When is ‘OK’ sex not ‘OK?’

by Andrea Lopez-Villafaña, Mundo Azteca Editor

“OK” sex has nothing to do with a partner’s ability to please the other. Instead, this kind of sex has to do with an individual performing a specific sexual act they might not personally desire, but consent to, often under pressure from their partner.

People’s sexual desires are often different, and what might seem normal to one is completely taboo to another.

Jessica Nare, Women’s Resource Center coordinator at San Diego State, said the problem is that desire — especially women’s desire — is often missing from sexual education.

“Ideally we want people react enthusiastically to sex,” Nare said. “But what if they don’t know what they want or what they desire?”

Suzannah Weiss, in her article “3 Empowering Sex Tips We Should Be Giving Young Women” in Everyday Feminism, wrote that she gained most of her knowledge about sex from women’s magazines. She said the problem is their information about sex tends to objectify women.

Sexual education classes and parents focus on the health related issues and promote safe sex or abstinence, while magazines and the media push the objectification of women.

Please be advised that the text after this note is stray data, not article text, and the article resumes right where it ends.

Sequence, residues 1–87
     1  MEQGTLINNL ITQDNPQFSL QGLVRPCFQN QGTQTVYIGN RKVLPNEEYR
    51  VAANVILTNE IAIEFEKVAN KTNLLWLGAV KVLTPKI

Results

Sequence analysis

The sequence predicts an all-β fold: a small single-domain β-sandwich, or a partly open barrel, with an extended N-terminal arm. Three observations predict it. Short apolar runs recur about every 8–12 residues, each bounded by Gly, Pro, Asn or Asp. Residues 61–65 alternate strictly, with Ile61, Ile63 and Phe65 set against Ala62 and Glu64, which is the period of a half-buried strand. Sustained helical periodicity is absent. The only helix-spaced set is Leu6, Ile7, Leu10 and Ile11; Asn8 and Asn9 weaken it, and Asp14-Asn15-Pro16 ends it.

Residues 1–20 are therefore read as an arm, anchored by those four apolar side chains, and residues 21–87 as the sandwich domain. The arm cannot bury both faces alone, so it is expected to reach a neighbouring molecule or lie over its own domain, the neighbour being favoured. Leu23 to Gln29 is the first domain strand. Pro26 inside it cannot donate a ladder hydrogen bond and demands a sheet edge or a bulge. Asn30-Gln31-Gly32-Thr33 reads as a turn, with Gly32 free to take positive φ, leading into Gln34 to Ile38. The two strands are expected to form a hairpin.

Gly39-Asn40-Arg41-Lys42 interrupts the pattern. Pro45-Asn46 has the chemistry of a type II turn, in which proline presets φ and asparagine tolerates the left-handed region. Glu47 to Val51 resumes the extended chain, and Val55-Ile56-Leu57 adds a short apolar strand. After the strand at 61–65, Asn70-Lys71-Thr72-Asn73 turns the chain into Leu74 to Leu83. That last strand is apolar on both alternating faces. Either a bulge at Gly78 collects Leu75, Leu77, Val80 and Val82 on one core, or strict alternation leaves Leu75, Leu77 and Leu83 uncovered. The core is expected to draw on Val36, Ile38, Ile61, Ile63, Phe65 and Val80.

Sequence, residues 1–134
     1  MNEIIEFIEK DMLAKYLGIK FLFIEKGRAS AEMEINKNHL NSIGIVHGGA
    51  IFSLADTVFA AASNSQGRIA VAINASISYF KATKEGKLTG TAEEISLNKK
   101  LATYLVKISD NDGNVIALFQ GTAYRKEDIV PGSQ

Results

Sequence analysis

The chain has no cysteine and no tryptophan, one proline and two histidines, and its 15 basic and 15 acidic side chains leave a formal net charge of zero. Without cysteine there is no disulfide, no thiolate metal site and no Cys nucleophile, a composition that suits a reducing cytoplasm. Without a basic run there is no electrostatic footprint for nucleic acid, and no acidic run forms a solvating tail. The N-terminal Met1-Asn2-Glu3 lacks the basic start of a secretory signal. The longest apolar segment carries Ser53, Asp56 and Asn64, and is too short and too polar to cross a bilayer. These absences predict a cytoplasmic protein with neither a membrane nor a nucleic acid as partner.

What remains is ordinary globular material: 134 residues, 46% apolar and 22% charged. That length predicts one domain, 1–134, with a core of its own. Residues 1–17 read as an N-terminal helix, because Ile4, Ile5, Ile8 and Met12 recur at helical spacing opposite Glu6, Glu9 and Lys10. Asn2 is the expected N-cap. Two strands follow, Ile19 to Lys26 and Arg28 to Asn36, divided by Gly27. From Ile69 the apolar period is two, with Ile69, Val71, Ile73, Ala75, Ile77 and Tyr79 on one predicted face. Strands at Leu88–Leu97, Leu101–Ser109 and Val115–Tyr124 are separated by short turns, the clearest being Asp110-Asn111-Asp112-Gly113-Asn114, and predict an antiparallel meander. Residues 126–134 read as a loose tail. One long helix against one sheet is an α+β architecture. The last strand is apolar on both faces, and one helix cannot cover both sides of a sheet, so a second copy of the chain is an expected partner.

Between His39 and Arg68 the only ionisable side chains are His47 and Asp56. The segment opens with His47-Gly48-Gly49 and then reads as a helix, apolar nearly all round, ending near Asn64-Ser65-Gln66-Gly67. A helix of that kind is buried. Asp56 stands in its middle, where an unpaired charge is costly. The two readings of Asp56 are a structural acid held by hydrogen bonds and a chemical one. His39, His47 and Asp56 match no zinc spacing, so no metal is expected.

Understanding your personal desires comes from sexual experience, but it’s important to understand that your partner might not have the same desire.

A SDSU psychology senior, who asked to keep her identity confidential, said there have been several times when she’s performed oral sex with men who have pushed down her head further in an effort to make her gag or go deeper.

“How do you say ‘don’t do that?’” she said. “I knew that they were into it, and I don’t know I felt like I didn’t do anything because I felt he was into it. I just let it happen.”

She said that, because her partners did not ask, she felt pressured to go along with what they were doing, even though she did not personally desire it.

A civil engineering senior, who also asked to keep her identity confidential, said that communication is a key. She said she experienced unwanted choking during sex but, feeling comfortable with her partner, she brought up her concerns in a conversation afterwards.

“When it’s your body you should be comfortable speaking up about it,” she said. “That conversation needs to happen. If they’re not mature enough to have that conversation, then don’t have (sex) with them.”

She said that the responsibility falls on both the person initiating sexual activity and their partner to communicate which activities or acts they are interested in and comfortable with.

Nare said individuals need to be aware of their partner’s body language and responses to what they are doing because it can move into the realm of sexual violence.

If a person isn’t saying no, but their body is pushing away, then that’s a sign that the individual needs to stop.

The best way to avoid having “OK” sex is communication before, during and after, and a clear understanding about what “OK” is.